When not at their home in Herrontown Woods, the Veblens would often travel up to their cottage in Brooklin, Maine. While trying to find out if their cottage up there still exists, I found out that Brooklin is quite an interesting place. For one, it was the home of E.B. White, whose farm there provided the inspiration for Charlotte's Web. A member of the Paul Winter consort is also on the list of local notables (Paul Winter has a connection with Princeton open space. An archaeological site revealed that Brooklin's location once was an American Indian trading center. An amateur archaeologist is said to have found an 11th century Norse coin there

Though fewer than 1000 people live there, Brooklin is an important center for building wooden boats. Not sure how many people have memories of wooden boats, but a vivid memory for me as a kid was the spring sanding and varnishing of our C Scow sailboat. I remember the beauty of the wood and the fragrance of the varnish, rather than all the work that (mostly) my father, siblings and friends did to make the boat seaworthy each year. Sailing it was also a group effort, requiring a well-timed switching of the bilgeboards every time we came about, coordinated with a well-timed ducking of the head to avoid the boom. My role was to periodically pump water out as it accumulated in the bottom of the boat, seeping through whatever crack we couldn't completely seal in the spring. My older sisters came home one day, very wet and very excited, with news that they had tipped the boat over in a strong breeze. All mishaps should make us so happy.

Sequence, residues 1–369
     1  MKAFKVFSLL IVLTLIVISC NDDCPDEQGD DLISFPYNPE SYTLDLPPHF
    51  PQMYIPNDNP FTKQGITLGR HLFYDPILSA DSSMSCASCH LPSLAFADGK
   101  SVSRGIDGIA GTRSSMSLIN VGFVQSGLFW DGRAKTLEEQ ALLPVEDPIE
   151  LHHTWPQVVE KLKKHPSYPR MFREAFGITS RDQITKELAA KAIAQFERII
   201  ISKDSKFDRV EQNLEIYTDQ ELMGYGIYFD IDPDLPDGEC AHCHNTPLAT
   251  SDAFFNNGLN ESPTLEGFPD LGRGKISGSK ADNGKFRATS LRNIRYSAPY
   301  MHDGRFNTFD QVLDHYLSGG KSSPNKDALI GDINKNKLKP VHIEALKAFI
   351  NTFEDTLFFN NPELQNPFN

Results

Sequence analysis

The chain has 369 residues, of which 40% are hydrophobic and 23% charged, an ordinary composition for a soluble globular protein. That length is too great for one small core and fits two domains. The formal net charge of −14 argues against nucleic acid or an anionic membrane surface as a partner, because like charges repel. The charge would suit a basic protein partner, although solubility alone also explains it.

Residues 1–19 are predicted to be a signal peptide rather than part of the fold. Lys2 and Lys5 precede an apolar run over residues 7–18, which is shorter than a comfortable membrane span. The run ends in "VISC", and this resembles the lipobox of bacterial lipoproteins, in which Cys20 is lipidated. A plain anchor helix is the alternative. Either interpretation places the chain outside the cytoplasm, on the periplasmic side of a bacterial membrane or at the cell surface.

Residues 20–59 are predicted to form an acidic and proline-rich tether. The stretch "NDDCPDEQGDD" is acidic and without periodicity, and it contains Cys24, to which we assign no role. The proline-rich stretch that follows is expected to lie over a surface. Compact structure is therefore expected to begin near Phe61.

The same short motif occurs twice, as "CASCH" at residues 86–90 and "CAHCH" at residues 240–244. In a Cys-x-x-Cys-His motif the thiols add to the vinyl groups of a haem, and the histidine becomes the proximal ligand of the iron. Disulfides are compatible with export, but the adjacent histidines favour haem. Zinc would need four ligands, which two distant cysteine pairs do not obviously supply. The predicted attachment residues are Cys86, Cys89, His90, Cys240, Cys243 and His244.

I contacted the Brooklin Keeping Society--a great name for a historical society--to ask about the Veblens and their cottage. Richard Freethey responded with two emails: